Nothing is ever easy…

We spent Wednesday and Saturday swapping out the old hydronic unit with a new one from ITR. The job took way longer than anticipated for a number of reasons. There were small issues (broken fasteners on the old install, changes to the hose locations and sizes on the new heater, a failed external DC pump) and large ones (a bad relay on the new unit preventing ground on the circulation pump). But, by Saturday afternoon we had heat.

The basic sequence was.

  1. Shut down DC power at the laz breaker, shut down AC power at the panel.
  2. Close all the valves to the coolant lines. This took a little planning, since we wanted to drain the coolant from the heater itself, but not from all of the lines throughout the boat. This turned out to be a challenge, since there were no valves to the engine loop. Clamp lines without valves.
  3. Disconnect the primary “out” coolant line from the heater (there was a small amount of coolant to catch here – the bit trapped in the line between the heater and valve). This was the air ingress point for when we drained.
  4. Pump out the coolant from access valve in the bottom of the heater. This went into a 5 gallon bucket for disposal.
  5. Disconnect remaining coolant hoses.
  6. Shut off domestic water valves and disconnect (i.e. cut) pex pipe.
  7. Shut of diesel valves and disconnect diesel lines.
  8. Disconnect electrical.
  9. Disconnect air intake and exhaust.
  10. Remove mounting hardware.
  11. Get two middle-aged guys to lift an 85 pound heater out of a 3’ tall engine room. (Hilarity ensued.)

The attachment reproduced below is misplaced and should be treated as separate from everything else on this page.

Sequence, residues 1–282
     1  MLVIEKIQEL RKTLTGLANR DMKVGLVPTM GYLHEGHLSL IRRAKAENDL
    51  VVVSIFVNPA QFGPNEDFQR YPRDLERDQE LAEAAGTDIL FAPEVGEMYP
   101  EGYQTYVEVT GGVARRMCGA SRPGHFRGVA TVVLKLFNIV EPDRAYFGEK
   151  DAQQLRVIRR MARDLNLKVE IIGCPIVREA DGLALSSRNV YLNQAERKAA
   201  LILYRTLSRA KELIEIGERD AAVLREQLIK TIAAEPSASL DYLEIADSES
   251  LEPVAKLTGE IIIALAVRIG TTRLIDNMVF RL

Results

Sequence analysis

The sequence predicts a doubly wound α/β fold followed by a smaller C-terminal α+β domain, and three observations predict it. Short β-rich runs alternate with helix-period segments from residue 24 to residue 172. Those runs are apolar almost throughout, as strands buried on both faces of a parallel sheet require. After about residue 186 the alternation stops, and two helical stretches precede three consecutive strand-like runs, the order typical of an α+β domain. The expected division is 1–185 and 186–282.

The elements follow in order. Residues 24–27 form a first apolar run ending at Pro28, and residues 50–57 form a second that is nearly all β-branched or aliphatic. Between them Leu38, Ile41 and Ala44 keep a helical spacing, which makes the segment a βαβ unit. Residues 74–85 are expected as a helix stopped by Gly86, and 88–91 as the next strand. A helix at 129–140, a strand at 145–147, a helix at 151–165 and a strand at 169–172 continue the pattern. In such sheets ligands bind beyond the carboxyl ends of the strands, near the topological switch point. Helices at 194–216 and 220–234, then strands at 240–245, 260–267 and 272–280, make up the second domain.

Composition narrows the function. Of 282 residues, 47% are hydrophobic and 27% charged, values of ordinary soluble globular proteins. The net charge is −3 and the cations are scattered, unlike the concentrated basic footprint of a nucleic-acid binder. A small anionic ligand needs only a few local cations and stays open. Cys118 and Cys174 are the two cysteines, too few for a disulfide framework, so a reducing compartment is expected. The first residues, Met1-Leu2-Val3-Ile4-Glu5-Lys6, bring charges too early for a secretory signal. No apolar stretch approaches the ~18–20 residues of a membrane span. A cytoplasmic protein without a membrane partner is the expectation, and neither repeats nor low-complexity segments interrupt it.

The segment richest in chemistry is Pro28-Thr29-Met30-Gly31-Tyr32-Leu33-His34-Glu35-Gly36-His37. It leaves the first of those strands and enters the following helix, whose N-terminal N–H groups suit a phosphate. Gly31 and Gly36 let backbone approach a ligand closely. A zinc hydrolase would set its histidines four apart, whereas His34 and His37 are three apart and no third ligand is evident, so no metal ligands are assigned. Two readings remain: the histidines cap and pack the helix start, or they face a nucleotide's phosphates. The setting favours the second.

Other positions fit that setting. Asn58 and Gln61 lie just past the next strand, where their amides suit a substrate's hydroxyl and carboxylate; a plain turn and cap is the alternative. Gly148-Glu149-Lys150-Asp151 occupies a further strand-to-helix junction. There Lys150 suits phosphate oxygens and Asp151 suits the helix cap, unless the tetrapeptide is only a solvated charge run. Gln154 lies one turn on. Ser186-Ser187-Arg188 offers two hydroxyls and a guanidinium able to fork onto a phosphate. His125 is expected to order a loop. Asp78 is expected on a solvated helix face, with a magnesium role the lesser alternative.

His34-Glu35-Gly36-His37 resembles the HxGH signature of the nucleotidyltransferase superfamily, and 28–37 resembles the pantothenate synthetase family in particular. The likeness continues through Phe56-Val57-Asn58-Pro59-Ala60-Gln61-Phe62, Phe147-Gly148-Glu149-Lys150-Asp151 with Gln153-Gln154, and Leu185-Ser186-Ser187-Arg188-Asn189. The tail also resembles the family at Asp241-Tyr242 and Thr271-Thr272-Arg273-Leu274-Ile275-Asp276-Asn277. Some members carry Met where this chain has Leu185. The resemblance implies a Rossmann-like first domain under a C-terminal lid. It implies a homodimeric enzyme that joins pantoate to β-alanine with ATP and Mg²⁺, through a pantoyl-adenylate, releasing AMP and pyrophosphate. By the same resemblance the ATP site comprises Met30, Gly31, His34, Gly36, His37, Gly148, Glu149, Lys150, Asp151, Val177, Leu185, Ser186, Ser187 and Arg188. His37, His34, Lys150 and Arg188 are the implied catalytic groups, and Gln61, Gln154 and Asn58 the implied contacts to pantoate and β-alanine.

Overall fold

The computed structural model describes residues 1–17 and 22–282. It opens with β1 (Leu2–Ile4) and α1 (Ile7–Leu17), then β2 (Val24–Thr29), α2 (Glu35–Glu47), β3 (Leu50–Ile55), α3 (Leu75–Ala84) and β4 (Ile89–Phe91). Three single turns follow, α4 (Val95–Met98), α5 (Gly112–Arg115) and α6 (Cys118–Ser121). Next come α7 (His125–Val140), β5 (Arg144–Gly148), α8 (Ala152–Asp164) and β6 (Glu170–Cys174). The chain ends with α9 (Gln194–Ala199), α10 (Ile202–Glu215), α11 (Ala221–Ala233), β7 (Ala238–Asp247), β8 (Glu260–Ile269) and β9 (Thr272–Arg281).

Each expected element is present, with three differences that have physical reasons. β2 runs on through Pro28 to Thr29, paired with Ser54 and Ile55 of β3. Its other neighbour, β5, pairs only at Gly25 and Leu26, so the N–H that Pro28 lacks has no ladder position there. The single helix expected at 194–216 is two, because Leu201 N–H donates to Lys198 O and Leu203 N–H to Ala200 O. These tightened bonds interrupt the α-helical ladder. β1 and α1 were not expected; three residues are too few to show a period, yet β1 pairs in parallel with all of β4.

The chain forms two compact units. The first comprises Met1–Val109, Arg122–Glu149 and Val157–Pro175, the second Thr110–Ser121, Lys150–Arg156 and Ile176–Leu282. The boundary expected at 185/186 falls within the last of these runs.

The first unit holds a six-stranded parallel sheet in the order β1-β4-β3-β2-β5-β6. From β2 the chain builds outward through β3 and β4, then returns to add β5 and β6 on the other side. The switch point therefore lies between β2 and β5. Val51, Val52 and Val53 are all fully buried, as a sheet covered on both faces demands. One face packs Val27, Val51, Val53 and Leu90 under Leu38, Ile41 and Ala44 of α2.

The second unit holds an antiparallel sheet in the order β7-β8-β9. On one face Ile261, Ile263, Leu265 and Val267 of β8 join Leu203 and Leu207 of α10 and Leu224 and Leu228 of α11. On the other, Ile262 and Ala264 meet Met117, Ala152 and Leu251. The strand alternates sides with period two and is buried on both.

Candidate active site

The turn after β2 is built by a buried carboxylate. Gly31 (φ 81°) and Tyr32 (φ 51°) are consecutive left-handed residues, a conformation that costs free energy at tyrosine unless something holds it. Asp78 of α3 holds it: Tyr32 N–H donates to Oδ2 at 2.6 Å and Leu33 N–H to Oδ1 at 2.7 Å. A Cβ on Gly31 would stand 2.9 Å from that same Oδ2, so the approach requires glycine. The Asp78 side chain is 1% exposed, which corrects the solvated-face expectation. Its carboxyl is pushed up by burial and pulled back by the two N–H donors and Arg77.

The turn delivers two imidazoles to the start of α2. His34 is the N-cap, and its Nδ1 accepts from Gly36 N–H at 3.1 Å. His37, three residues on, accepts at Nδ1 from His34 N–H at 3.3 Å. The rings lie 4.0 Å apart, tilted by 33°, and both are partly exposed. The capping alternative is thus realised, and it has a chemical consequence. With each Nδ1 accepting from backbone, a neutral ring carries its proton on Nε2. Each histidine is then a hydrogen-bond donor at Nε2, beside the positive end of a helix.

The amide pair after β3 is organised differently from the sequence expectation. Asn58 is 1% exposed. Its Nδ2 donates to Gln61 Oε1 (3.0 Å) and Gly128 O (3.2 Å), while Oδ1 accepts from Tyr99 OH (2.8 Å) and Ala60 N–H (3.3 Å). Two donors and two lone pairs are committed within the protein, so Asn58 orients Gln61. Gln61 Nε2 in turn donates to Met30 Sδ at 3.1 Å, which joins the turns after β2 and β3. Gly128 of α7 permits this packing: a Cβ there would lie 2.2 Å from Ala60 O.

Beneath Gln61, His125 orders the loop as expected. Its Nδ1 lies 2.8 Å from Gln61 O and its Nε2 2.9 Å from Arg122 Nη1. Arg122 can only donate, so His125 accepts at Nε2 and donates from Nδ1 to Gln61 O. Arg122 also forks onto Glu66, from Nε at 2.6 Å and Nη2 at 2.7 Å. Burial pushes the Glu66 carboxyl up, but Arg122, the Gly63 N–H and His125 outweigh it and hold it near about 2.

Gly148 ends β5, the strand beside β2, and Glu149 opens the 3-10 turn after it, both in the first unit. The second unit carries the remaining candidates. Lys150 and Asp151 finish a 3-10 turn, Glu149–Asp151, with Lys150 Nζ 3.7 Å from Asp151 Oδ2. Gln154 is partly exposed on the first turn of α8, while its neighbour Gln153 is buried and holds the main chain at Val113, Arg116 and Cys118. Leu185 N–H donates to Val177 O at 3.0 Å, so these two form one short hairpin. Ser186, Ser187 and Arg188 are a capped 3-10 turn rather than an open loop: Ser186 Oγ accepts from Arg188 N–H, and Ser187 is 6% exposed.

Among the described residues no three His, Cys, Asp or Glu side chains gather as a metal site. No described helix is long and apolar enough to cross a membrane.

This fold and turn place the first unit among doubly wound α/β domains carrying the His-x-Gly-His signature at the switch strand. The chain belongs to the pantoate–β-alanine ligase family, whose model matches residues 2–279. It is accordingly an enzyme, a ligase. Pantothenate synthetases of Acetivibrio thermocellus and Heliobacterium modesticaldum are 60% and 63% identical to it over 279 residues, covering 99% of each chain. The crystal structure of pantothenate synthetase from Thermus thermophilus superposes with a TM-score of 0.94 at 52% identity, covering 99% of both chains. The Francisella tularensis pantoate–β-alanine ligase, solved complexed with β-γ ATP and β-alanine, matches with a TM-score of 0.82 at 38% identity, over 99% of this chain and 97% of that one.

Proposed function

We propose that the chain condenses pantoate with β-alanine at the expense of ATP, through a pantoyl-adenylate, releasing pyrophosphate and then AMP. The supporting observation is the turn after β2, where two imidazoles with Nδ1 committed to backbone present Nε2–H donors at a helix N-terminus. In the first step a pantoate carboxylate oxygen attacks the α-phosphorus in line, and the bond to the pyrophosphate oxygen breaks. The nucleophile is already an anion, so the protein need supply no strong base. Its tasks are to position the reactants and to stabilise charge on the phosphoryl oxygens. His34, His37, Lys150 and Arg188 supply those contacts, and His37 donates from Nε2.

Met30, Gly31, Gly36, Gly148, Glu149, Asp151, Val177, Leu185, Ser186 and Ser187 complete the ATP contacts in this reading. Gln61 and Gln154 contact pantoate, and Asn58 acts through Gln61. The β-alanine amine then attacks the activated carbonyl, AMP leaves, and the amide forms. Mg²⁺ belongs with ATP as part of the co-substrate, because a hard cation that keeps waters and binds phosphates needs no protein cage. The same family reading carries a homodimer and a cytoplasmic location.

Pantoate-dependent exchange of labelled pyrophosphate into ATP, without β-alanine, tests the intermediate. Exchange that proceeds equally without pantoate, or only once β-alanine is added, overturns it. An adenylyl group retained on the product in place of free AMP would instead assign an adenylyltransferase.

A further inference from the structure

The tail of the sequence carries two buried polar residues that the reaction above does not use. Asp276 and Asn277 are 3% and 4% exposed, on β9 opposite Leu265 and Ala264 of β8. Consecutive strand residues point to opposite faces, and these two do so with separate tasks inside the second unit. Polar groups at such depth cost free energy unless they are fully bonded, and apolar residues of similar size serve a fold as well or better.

12. Install new heater and connect all fittings. It was here where we ran into trouble with different sized hose barbs, a misaligned hole for the exhaust, and a dead circulation pump. We spoke with ITR tech support and scavenged parts from the old heater.
  13. Pump new coolant into system, allowing air to escape through engine reservoir tank and hydronic overflow bottle.
  14. Bleed air from system at all bleeder screws.
  15. Fire up burner and let warm up.
  16. Fire up AC elements and verify functionality.
  17. Run main engine until warm, then top up reservoir tank.

I am glossing over a lot. There were several little challenges that involved running to Longship or Home Depot. When the circulation pump failed to start it was 9 pm, and we gave up for the evening. But, we started in again on Saturday and now Turtle has heat.

Job Notes

  • The old hydronic boiler had 1,545.2 hours on it when we pulled it. This is over triple the hours on the main (~400), 15 times what we have on the generator (~100) and 30x what we have on the water maker (~50). By that measure, it’s by far our heaviest-used piece of equipment.
  • The coolant in the hydronic mixes directly with the coolant in the main engine. For some reason, I thought this was separated either in the hydronic heat exchanger or on the engine heat exchanger. But, it’s pretty clear from tracing the tubing and consulting the documentation that it is not. This means that, even though we used the non-toxic propylene glycol for the hydronic (in case it adulterates the domestic water), it mixed with whatever they put into the main engine when the boat came from China. It also means that when the coolant was being consumed in the old boiler, there was a risk of it pulling from the main engine.
  • We were not able to get the main engine hot enough to open the thermostat when sitting at the dock, so there may still be air in the lines. I will need to test this under load.
  • The old sound insulation was disintegrating and leaving particles all over the engine room. There was only some very thin foam under the old unit that had become soaked with coolant. We replaced the pad with some heavy-weight material and that alone reduced noise considerably. I will replace the foam material with something more suitable. The problem seems to be mostly resonance and less the thickness of the wall.